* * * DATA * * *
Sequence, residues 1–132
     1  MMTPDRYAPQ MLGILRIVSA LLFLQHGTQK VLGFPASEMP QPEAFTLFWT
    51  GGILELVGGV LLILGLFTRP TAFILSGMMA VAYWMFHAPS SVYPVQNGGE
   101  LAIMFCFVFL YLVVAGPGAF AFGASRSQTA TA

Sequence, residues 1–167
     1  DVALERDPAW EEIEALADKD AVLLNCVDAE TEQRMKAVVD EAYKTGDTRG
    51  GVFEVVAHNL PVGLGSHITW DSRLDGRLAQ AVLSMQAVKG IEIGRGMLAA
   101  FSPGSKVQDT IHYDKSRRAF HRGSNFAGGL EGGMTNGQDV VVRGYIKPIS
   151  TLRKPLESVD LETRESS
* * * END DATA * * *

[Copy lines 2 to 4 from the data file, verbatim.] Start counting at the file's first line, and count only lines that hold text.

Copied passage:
     1  MMTPDRYAPQ MLGILRIVSA LLFLQHGTQK VLGFPASEMP QPEAFTLFWT
    51  GGILELVGGV LLILGLFTRP TAFILSGMMA VAYWMFHAPS SVYPVQNGGE
   101  LAIMFCFVFL YLVVAGPGAF AFGASRSQTA TA